DALLAS, Texas (KTRK) -- Many workers hired to create the nation's first high-speed bullet train from Dallas to Houston were laid off Friday due to COVID-19 economic impacts.
"Unfortunately, like many other companies and organizations around the world, we have been forced to make hard decisions in an effort to make the best use of our current funding," said Carlos Aguilar, CEO of Texas Central High-Speed Rail. "The result has been the layoff of approximately 28 employees."
Experts needed to make this project a success have been hired from many different parts of the world.
"This is one of those moments where we have to acknowledge how small our world really is," he said. "Our engineering partner is in Italy, our operations partner is in Spain and our technology provider is in Japan. Understanding the impact of COVID-19 and the challenges those countries and the US are facing, is a new fact of life."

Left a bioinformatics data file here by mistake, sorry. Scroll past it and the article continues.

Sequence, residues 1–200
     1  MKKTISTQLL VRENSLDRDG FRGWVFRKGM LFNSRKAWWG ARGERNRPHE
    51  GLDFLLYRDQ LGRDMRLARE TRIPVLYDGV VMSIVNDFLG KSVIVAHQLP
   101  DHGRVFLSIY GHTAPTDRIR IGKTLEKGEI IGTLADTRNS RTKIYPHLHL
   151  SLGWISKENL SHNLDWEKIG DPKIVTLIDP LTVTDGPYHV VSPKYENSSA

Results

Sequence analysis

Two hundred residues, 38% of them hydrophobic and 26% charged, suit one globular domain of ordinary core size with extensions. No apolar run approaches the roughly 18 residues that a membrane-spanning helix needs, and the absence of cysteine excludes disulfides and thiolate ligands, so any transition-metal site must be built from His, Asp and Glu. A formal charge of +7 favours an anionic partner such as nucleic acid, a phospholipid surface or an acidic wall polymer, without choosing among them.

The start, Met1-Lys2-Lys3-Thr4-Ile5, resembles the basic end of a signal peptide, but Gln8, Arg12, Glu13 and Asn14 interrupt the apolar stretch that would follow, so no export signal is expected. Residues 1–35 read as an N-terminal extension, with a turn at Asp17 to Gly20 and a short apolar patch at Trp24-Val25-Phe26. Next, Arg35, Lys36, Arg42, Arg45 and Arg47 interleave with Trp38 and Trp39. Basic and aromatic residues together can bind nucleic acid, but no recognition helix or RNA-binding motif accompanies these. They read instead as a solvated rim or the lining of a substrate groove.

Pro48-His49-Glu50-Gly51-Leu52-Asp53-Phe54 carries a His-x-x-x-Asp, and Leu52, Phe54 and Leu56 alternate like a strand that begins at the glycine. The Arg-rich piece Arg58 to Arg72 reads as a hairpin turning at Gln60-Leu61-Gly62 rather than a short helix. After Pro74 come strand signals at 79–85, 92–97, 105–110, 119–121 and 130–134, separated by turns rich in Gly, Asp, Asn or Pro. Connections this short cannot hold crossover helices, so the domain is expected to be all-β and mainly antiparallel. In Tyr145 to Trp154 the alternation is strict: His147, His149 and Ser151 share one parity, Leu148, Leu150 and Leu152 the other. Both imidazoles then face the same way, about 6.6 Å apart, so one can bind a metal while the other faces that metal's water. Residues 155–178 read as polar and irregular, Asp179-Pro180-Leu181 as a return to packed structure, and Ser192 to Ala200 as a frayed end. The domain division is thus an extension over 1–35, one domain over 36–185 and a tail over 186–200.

Texas Central expects to create more than 17,000 jobs during construction and a multi-billion-dollar economic impact across the U.S through contracts with steel mills and other manufacturers, minority and women owned businesses, veterans and rural businesses.
Aguilar hopes that work will begin on the project by July 31, after the federal government approves permits and the global financial markets stabilize.
History of Texas bullet train project
First look inside Texas Bullet Train shows no middle seats 6059224